Folic acid vs. natural folates vs. methylfolate:

Vitamin B9 is an essential nutrient.  It is so important that the US and Canadian governments (along with 50 other countries) mandate that it is added to foods such as bread, cereal, pasta, white rice, and cornmeal.

Vitamin B9 is most commonly known as folic acid, the synthetic (man-made) form of vitamin B9.

Vitamin B9 in its natural form is known as folate.

Folic acid differs in its chemical structure from natural folates found in foods.  This difference in the synthetic folic acid allows it to be more heat stable and pH stable, thus making it easy to add to processed foods.  It's also the form used commonly in supplements, due to its lower cost.

Natural folate is found in a variety of foods including liver, leafy green veggies, asparagus, broccoli, and legumes.

To use folic acid in the methylation cycle, the body first must convert it using an enzyme known as DHFR in a two-step process. This eventually can be used in the methylation cycle, along with the MTHFR enzyme, to create methylfolate, the active form that the body needs.

There are a couple of steps here that can go wrong with enzymes that don’t function optimally. If you carry genetic variants of the DHFR or MTHFR genes, this can impair your ability to use folic acid.

The problem with just taking a bunch of folic acid when trying to conceive is that larger doses won’t be broken down, or metabolized,  by the body. This unmetabolized folic acid can actually impair the cells ability to make methylfolate. (study)

Thus, too much folic acid can actually block the body’s methylation cycle.

How much folic acid is too much? This will vary from one person to the next.  Some studies show that 400 mcg of folic acid will cause unmetabolized folic acid in the bloodstream. (study)

Other studies show that in the US, over 95% of adults have unmetabolized folic acid due to the mandatory fortification.(study)

If you are eating foods fortified with folic acid, try tracking the amount of folic acid you eat for a few days. If your diet is heavy in rice, pasta, cereal, or bread, it may surprise you how much you are consuming.

Optimizing for fertility with an MTHFR variant:

While a lot of website and health practitioners will tell you to take some methylfolate and B12 for the MTHFR variant, that advice is a bit like slapping a bandaid on the problem. It may help in the short term, but you can do more to optimize your diet for fertility.

Instead of focusing so intently on the MTHFR variant, let’s zoom out a bit and look at the bigger picture of the methylation cycle.

The methylation cycle is creating and recycling the methyl groups needed for amino acid synthesis, neurotransmitter conversions, DNA synthesis and repair, and antioxidant creation.

The methyl group needed for the methylation cycle can come from MTHFR creating methylfolate from folate -- or it can come through other pathways in the body.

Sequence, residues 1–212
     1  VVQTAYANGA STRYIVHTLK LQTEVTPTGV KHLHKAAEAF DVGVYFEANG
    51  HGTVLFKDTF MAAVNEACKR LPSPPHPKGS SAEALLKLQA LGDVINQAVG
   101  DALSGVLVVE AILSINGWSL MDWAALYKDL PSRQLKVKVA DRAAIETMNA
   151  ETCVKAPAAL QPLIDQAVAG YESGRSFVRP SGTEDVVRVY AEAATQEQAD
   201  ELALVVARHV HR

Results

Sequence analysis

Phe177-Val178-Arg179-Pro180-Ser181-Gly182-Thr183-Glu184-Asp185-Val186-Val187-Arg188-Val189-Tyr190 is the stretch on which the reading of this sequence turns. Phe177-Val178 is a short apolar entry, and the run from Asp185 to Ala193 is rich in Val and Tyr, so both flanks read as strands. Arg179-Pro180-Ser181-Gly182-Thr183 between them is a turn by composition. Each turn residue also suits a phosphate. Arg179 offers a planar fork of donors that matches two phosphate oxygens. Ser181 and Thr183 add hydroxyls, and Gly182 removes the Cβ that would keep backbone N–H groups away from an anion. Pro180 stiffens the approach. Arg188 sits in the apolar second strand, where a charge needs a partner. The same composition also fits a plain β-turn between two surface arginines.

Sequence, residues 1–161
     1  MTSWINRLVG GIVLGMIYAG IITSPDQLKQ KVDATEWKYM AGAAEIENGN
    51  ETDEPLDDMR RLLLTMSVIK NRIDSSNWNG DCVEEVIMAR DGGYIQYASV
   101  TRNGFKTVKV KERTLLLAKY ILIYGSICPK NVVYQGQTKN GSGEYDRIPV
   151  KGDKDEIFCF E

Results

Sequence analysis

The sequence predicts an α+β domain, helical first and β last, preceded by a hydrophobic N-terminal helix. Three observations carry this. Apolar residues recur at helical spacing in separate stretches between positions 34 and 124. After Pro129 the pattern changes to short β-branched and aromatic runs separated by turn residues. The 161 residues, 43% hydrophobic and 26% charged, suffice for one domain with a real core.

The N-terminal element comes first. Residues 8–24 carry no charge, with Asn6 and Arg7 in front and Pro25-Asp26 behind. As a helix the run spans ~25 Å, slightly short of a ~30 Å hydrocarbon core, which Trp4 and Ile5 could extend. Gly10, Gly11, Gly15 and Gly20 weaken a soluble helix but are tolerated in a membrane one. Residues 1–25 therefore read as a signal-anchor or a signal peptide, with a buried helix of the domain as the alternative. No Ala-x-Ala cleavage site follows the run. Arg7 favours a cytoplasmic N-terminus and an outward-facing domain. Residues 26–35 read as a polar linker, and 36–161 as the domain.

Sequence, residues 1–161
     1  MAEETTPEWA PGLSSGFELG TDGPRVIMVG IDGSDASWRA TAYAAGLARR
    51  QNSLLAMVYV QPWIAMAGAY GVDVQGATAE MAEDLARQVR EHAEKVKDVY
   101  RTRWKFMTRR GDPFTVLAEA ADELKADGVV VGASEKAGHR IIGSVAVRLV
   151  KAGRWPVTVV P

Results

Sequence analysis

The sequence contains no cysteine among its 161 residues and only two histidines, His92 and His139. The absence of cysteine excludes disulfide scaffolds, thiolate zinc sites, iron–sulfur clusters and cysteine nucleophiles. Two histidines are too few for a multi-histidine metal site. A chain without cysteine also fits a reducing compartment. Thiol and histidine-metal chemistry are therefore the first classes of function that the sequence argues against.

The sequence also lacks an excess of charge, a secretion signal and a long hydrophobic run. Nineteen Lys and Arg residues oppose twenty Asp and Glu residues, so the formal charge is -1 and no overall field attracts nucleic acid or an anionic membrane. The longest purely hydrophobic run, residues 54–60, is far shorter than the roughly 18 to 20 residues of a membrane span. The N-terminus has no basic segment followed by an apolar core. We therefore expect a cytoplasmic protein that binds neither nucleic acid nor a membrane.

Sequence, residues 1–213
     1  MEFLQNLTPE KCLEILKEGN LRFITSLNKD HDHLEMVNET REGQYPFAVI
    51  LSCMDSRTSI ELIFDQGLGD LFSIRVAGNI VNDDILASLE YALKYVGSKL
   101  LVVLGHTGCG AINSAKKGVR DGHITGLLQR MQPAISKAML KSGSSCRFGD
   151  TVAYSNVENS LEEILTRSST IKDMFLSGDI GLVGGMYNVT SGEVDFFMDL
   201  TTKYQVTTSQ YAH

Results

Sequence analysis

Creatine:

One way to support your methylation cycle is to look at what it is being used for...

About 40% of the methyl groups are actually being used for creatine biosynthesis. (study) Creatine is an amino acid that the body uses as a building block for proteins. Your body uses arginine and glycine (two other amino acids) along with methyl groups to create the amino acid creatine.

Instead of relying on the biosynthesis of creatine, you can also obtain it from your diet and from supplements. Adding in extra creatine then frees up methyl groups for other purposes in the body.

Creatine is found in red meat, pork, poultry, and fish. It is especially abundant in organ meats such as liver.  For vegetarians and vegans, the supplement form is best.

Glycine:

Your body uses glycine in a variety of ways, including using it for the creation of methyl groups and as a precursor for creatine and glutathione.  It is an amino acid that your body can synthesize, but generally, we also need to consume some through foods.

Adding more glycine to the diet will help to support your methylation cycle. (study)

Glycine is found in high quantities in gelatin and collagen. Good sources include broth made from chicken or beef bones. There are also collagen and gelatin supplements available that can easily be added to smoothies, soups, or coffee.

Choline:

Ensuring that you have enough choline in your diet is an excellent way of supporting your methylation cycle.  Choline can directly add methyl groups to the methylation cycle, and it also supports the synthesis of glycine in the body. (study)

Foods high in choline include egg yolks, liver, and sunflower lecithin.

Folate and B-vitamins:

Of course, you also want to ensure that you are getting the right amount of folate and B12 in your diet. Instead of adding more synthetic folic acid, supplementing with methylfolate is a better option for people with the MTHFR variant. The other B vitamins, such as riboflavin, B6, and B12 are also important in the methylation cycle. Make sure to choose a quality prenatal vitamin with methylfolate along with the other B vitamins.

Putting together the whole puzzle:

Women with MTHFR variants can be at a higher risk for infertility if their diet isn’t right.

What is the right diet for MTHFR and getting pregnant? A diet higher in choline, glycine, creatine, and B-vitamins.

  • Incorporate at least 2 eggs a day for choline.
  • Eat organ meats such as liver for creatine, folate, and B12.
  • Quality, grass-fed meats are also great for creatine.
  • Include bone broth for gelatin and collagen.
  • Green vegetables such as asparagus, broccoli, or leafy greens can add more folate.

You may notice that this is a diet that your grandmother or great-grandmother would be familiar with. In the past, people used the whole animal for food and included broths, organ meats, and other parts of the animal with higher nutritional value. Eggs have long been a source of high quality nutrition.

Today, we have shifted away from getting as much choline, creatine, and glycine in our diets. This makes it much harder for people who carry the MTHFR variant to have optimal methylation cycle function.

Fortifying processed foods with folic acid helps out a good portion of the population, but genetic differences make it harder for some people to thrive without eating an ancestral diet.